So many of my childhood memories were unpleasant ones, so today I want to tell you some of those funnier and scarier memories of raising my own children. I couldn’t do the Community Storyboard prompt this week because I wanted to focus more on the positives than the negatives so, this is my chance to totally embarrass my grown children.
My oldest and I grew up together. I was fifteen when I became pregnant and barely sixteen when he was born. He is now thirty six. We even like the same music. I remember his childhood like it was yesterday. He had a fascination with the orifices of his body, namely his nostrils and ears.
One day, when he was about two years old, he was helping me plant nasturtium seeds. They are rather large seeds, about the size of a pea. Several days later, he was having trouble breathing. Thinking this was asthma, I rushed in to the hospital. A little while later, the doctor emerged with a few plants on a napkin. The seeds had germinated in his head and had actually started to grow tiny leaflets and roots. Some of the roots were quite long. The doctor had removed the plants with a basket extractor. His breathing suddenly improved. My son also stuffed English peas into his ears and had me believing he had some horrible green discharge oozing from infected ears, when in reality, it was only peas.
On another occasion, he came walking out of the bathroom one night. He was so proud that he had reached the age of four and could attend to his nighttime ritual without much in the way of assistance. On this night though, yellow paste dripped from his lips and he was complaining about the new toothpaste. He had brushed his teeth with Preparation H. Poor little thing, with his puckered lips and a horrible taste in his mouth, was quite in shock. It took a few rinses with fresh tasting mouthwash to resolve that problem.
As an older child, it was his job to wash the pots and pans after dinner. Once, while I was away at class, he proceeded to bury the entire lot in the back yard with a shovel to keep from washing them. The trouble he went through to avoid that chore was amazing. It would have been so much easier to just wash them, but not in his eyes.
My daughter and I had a different relationship. She was headstrong and stubborn, even at two years of age. Once she was on the deck and took off running from me. I didn’t want her to topple off the deck and get mortally wounded, so I tried to be patient with her. I could see that she had something black in her mouth and it appeared to have legs. Yes! It was a live cricket, and there was no getting it away from her. She clamped down on it and swallowed it before I could get it out of her mouth, pure protein, I suppose.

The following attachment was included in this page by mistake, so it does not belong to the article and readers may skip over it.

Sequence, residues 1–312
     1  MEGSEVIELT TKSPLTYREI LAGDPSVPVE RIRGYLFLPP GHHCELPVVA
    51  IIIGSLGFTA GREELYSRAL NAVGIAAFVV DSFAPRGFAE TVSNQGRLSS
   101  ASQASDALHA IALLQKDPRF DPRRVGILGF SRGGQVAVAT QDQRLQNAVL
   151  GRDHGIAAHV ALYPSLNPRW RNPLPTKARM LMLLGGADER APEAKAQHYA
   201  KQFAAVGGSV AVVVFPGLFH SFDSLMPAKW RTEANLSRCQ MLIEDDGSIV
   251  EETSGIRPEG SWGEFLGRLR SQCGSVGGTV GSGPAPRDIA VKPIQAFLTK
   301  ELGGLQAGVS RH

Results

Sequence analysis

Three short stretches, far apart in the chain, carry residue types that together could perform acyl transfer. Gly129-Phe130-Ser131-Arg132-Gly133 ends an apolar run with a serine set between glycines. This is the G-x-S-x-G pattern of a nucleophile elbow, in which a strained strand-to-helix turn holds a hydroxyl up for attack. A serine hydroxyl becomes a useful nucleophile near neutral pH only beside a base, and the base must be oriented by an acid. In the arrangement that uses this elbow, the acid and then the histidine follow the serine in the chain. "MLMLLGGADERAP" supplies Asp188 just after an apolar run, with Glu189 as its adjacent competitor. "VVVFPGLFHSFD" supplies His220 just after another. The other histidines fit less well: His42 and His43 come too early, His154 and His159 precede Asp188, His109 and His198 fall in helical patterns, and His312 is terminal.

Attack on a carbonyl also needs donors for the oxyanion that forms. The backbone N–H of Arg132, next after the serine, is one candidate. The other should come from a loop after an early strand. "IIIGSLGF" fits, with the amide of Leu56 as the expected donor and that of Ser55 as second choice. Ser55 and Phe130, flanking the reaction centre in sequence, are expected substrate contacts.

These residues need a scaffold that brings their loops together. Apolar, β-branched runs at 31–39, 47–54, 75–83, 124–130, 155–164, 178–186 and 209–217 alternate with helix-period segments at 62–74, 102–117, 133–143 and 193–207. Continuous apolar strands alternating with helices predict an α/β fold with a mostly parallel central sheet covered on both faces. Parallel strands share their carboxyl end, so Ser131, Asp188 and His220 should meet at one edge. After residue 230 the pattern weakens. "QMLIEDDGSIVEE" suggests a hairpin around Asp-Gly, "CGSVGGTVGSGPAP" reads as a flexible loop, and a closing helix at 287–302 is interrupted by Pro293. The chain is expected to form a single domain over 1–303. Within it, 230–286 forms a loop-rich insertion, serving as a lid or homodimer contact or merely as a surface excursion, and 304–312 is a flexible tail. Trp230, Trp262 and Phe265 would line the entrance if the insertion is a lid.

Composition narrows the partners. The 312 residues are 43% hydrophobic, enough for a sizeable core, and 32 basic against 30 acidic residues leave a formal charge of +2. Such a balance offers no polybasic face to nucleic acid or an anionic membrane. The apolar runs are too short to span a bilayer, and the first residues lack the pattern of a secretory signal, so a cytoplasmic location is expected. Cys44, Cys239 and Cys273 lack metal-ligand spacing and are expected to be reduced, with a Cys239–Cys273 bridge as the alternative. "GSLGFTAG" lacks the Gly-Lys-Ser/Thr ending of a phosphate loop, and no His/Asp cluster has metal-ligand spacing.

As she grew older, her stubborn streak grew with her, but so did her level of activity. We bought a trampoline, hoping the kids would jump out some of their energy, and she loved it. She also had a habit of straining her ankles and wrists. After about four $75.00 trips to the E.R. for x-rays, only to discover these were strains, and sprains, and not breaks, I decided to give it a rest. Then one evening, she came in from the trampoline at about age eight yo. She complained that her wrist and arm were hurt. Determined not to spend another 4-6 hours in the E.R. for a strain, I packed her in ice and put her to bed. The next morning, in pain, she awoke with her arm swollen twice its normal size. I felt like dirt, a nurse, and the worst mother alive. It was indeed broken!
My youngest, another boy, was such a good baby, I thought nothing could go wrong, and I was much older at his birth, twenty-five. The kids had a swing set and he had climbed to its top where the monkey bars were at about the age of three. He fell, right before my eyes, and tore the back of his leg on a protruding screw. With the calm and composure of a CCU Nurse, I wrapped the leg in a pressure dressing and took him 20 miles away to the hospital for stitches. He never cried a tear, not one. They papoosed him in a cocoon to keep him immobilized, but he never even said, “Ouch,” while they stitched him up with 12 sutures.
As I grew older and matured, the antics were farther and fewer between. There were five years between each of my children. I don’t recommend anyone starting as early as I did. There used to be a joke about being barefoot and pregnant in GA, and I did grow up with my kids. On the plus side, I could still demonstrate cartwheels, backbend flips, and hoola-hoops to them. Something I could not have done later. Now they are raising families of their own. Fancy that!
Have you got any funny or frightening stories with your children, or yourself as a child, that you would like to share? Go ahead! Make my day. I need a good laugh!